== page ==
Tuesday, April 19, 2011

4/19 essay on Second Skins

The real world is far from fair, right from the moment of conception. One's parents' lives deeply affect how one begins one's existence, from general situation to behavior. Infants are born into poverty, war, or oppression every day. Heredity can predispose one to autism, dwarfism, or countless other mental, physical, or immune disabilities (immune disabilities is here defined as an inherited predisposition towards cancer, glaucoma, or other diseases). Everyone is born with a fixed ethnicity and gender, and attempts to change these are met with ostracizing and violence. In a massively multiplayer online role-playing game (MMORPG), these cruelties of chance have little to no hold.

When someone logs onto World of Warcraft, Guild Wars, EVE Online, RuneScape, or any other MMORPG and creates a character, it's a blank slate. Zsiarudael the Dragon-Slayer can never have the fetal alcohol syndrome that his hypothetical player has. Siren347 will not bear the bruises and scars inflicted upon her transgendered player. While a human may suffer a long, slow death from Huntington's Chorea, a Klingon avatar will simply cease to log in. No matter what the player's background in real life, their avatar is what and who they choose to make it. Undesirable, unchangeable conditions can be fled with ease in the digital realm of the player's choice.

As the film mentioned, for a level zero player, the field is open. All of these fixed initial conditions are set upon character creation to the player's tastes. Everyone starts out with either the same statistics or the freedom to adjust starting statistics within even parameters. Marx spoke of an ideal world where every infant is born into equality, but even socialism/communism could never eliminate hereditary disabilities.

Digital realms of MMORPGs are not only a Marxist's dream, but an existentialist's dream as well. Some games have “core plotlines,” but these can be ignored. Quests and similar activities have goals, but starting a quest is optional too. A player can decide to dance for tips, or to farm, or anything allowed within the game engine. Anything that the game engine allows can be turned into a primary means of activity. It's a world with implicit goals, much like real life (money, fame, family, etc.), but those are only suggestions, far less ingrained than the suggested goals of real life. All of this freedom is a powerful tonic for escapists everywhere.

Worth mentioning, though, is Second Skins's depiction of this escapism. Most of the players shown are not escaping crippling diseases or unchangeable conditions; the gamers shown are escaping conditions that could be changed with effort. Bad skin can be medicated, obesity can be controlled with diet and exercise, and dead-end jobs can be replaced with more satisfying work. While the world of 1s and 0s has provided refuge for those stricken by chance, the film has depicted those who choose to leave the fleshly world behind.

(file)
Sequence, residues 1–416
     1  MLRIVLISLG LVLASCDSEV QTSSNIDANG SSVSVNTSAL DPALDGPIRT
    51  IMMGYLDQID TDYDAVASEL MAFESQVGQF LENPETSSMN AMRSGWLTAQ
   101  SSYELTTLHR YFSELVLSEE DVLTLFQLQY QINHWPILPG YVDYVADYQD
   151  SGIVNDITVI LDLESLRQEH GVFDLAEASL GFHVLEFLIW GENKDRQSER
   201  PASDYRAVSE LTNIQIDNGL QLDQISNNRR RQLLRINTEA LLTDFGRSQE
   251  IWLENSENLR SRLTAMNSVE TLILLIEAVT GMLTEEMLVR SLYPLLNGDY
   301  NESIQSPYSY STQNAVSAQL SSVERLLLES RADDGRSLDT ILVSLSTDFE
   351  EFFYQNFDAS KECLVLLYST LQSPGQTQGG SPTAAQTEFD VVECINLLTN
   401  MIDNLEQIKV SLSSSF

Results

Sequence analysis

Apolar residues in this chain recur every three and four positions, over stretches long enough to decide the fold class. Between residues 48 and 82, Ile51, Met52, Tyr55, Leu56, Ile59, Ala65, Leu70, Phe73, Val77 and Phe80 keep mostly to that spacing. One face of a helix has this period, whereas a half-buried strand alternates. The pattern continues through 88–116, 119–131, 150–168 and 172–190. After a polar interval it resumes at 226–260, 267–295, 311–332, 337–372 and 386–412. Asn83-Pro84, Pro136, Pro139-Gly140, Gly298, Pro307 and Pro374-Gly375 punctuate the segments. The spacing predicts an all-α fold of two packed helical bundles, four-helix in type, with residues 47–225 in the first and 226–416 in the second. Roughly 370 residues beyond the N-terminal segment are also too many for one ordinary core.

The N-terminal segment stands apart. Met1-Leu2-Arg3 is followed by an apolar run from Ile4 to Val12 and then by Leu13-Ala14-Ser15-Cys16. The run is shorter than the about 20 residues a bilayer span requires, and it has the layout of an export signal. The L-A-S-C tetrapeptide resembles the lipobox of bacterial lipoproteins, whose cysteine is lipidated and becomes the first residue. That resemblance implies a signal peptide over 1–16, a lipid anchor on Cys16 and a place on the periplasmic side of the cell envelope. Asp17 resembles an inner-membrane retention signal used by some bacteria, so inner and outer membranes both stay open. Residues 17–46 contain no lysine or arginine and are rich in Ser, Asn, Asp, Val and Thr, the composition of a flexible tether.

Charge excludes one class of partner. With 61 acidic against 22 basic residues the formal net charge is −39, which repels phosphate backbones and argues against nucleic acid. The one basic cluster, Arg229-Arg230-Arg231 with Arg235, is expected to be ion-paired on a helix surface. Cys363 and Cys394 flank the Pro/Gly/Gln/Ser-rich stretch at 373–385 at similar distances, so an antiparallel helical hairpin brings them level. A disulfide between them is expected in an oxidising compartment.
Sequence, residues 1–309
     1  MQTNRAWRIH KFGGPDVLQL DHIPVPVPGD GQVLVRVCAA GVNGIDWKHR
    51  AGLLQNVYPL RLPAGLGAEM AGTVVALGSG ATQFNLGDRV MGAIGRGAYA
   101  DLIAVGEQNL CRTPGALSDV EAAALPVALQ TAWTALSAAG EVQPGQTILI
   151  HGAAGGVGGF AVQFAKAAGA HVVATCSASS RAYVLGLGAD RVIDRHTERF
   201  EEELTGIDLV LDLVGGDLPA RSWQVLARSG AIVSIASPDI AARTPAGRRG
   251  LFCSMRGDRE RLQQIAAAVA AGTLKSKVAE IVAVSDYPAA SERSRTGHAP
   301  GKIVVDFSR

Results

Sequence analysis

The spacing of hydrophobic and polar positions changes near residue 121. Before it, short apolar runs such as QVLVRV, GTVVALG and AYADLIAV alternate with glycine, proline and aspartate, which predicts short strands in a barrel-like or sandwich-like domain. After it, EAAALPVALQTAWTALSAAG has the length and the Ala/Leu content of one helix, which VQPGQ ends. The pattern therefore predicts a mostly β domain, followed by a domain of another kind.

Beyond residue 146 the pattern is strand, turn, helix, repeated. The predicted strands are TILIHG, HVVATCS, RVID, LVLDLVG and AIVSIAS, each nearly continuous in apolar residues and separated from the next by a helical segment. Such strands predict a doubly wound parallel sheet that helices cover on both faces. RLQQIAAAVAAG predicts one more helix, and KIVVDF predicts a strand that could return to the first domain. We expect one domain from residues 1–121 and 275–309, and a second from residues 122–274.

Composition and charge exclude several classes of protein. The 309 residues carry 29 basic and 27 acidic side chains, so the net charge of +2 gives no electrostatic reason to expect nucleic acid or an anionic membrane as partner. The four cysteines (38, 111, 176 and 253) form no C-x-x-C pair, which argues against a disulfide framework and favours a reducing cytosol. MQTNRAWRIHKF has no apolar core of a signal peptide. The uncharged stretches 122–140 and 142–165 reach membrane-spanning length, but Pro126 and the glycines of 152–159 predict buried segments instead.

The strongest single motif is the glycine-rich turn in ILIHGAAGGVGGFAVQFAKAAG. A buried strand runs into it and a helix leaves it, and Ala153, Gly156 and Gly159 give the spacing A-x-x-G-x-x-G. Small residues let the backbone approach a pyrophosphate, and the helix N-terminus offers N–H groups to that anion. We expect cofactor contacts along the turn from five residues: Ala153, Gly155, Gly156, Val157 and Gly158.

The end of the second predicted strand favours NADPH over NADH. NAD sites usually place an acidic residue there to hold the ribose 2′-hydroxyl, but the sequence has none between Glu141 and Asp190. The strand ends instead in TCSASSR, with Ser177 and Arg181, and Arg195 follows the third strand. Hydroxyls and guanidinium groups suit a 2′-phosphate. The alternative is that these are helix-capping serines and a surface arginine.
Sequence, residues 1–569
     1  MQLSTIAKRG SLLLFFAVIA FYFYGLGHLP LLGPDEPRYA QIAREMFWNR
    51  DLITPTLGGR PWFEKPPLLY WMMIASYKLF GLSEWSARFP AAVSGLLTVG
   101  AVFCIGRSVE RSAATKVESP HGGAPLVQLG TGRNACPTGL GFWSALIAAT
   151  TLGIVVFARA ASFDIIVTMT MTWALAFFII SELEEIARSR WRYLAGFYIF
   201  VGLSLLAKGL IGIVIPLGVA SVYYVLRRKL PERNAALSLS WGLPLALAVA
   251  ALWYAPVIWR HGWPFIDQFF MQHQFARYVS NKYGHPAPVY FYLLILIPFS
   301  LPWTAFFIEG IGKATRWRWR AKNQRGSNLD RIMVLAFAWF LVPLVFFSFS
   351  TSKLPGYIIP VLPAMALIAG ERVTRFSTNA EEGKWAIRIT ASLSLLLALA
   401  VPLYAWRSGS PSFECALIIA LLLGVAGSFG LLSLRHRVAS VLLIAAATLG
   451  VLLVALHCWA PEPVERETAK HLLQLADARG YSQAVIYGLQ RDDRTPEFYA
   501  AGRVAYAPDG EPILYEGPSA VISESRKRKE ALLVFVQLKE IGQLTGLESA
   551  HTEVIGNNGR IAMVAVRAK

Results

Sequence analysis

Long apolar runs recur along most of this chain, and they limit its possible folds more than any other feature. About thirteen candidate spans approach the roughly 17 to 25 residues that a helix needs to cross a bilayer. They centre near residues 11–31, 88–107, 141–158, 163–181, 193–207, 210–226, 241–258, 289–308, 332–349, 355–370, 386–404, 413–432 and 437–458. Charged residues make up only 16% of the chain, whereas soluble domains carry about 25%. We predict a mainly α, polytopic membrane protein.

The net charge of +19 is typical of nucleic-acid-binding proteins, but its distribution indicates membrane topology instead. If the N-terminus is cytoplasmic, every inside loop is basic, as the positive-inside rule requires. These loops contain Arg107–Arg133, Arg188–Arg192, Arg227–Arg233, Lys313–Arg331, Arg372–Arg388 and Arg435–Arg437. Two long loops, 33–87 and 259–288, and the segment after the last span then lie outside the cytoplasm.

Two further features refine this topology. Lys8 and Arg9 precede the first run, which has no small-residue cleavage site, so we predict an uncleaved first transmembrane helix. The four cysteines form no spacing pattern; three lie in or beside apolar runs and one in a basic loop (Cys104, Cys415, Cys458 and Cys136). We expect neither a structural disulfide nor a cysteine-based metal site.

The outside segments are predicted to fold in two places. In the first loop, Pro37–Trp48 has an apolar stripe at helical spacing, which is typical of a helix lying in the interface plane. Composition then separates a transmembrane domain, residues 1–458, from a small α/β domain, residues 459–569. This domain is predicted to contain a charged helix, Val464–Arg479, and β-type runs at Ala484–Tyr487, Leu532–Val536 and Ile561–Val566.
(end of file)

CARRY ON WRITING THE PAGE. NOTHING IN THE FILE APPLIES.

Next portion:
Self-improvement, in the fleshly world, is difficult. Junk food habits are hard to break, getting into shape takes determination, and the medical procedures required to fix bad teeth or eyesight are expensive. In a game, grinding to improve stats or gain items is tedious, but the quantified nature of stats or items in video games makes rewards more tangible and regular. Seeing one's constitution stat go up in-game is less satisfying than a compliment to one's figure from someone attractive, but it's easier to see how close one is to the numerical goal. Quantifiable progress has less potential for frustration and imagined impotence than the unquantifiable, non-linear progress of real-world improvement.

Interesting is the film's mention of many big MMORPG players being in what they feel are “dead-end office jobs.” It's very understandable that the tiny cog doesn't appreciate its part in the greater machinations it's involved in, but the effectiveness in placating the dissatisfaction of said tiny cogs is astounding. It's not too far a stretch to suggest that MMORPGs are, to paraphrase Lenin, the opiate of the working class. Instead of devouring each other in the quest for upward mobility, these office drones vent their frustrations and slake their aspirations in computerized realms, leaving them to quietly keep the wheels of society turning.

Admittedly, the film was not explicitly drawing these conclusions, merely implying them. Second Skins doesn't actively advocate meat-space over cyber-space, but the only benefits of MMORPGs they've shown so far apply to networking in the real world. An examination of the relative philosophical value of “reality” in the face of this idealized digital world remains untouched. Still, the film is not yet done, and there is hope for this question to be asked yet.

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